The following item is clipped from the Chicago Tribune of August 13th:
"London, August 9th. A paper at Constantinople announces the discovery of Noah's ark. It appears that some Turkish Commissioners appointed to investigate the question of avalanches on Mount Ararat suddenly came upon a gigantic structure of very dark wood protruding from a glacier. They made inquiries of the inhabitants. These had seen it for six years, but had been afraid to approach it because a spirit of fierce aspect had been seen looking out of the upper window. The Turkish Commissioners, however, are bold men, not deterred by such trifles, and they determined to reach it. Situated as it was among the fastnesses of one of the glens of Mount Ararat, it was a work of enormous difficulty, and it was only after incredible hardships that they succeeded. The ark was in a good state of preservation, although the angles-- observe, not the bow or stern--had been a good deal broken in its descent. They recognized it at once. There was an Englishman among them who had presumably read his Bible, and he saw it was made of the ancient gopher wood of Scripture, which, as every one knows, grows only on the plains of the Euphrates. Effecting an entrance into the structure, which was painted brown, they found that the admiralty requirements for the conveyance of horses had been carried out, and the interior was divided into partitions fifteen feet high. Into three of these only could they get, the others being full of ice, and how far the ark extended into the glacier they could not tell. If, however, on being uncovered it turns out to be 300 cubits [R525 : page 2] long it will go hard with disbelievers in the book of Genesis."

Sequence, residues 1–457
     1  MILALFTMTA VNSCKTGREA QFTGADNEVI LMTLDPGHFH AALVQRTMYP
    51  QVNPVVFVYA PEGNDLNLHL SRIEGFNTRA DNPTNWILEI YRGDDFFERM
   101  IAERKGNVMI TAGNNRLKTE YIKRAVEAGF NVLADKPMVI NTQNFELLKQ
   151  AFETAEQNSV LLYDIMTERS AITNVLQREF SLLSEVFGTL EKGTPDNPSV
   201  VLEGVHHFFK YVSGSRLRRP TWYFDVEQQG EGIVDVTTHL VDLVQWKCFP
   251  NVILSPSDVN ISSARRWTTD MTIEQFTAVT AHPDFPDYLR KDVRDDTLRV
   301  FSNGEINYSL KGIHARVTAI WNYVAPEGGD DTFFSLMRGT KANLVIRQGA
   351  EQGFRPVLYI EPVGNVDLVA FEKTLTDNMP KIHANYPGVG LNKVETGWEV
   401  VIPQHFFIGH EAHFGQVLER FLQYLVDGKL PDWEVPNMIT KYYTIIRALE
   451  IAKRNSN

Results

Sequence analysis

The gopher wood of which the Ark was built, is generally supposed to be the cypress, famous among the ancients, and frequently mentioned in Scripture. It is remarkable for durability. Instances are related of doors and posts made of this wood which had lasted 1,100 years.
Remembering, also, that Mt. Ararat is covered with perpetual snow and ice for more than 3,000 feet below its summit, and that an earthquake which shook it in the beginning of the present year (1883) broke loose tremendous quantities of this ice, burying under the avalanches whole villages, we cannot but think that the foregoing article is not so unreasonable as might at first appear. The same wise God who placed the Great Pyramid "in the midst and in the border of Egypt," for a sign, now but commencing to speak to men of science, may have hidden away Noah's Ark, burying and preserving it in ice, ready to be another witness to the most illiterate. We can only say, it would be "just like God," and in perfect harmony with our teachings, that the outward evidences of the truth of the Bible, for the instruction of the natural man, should begin to increase; and we expect that these will multiply during the coming thirty years.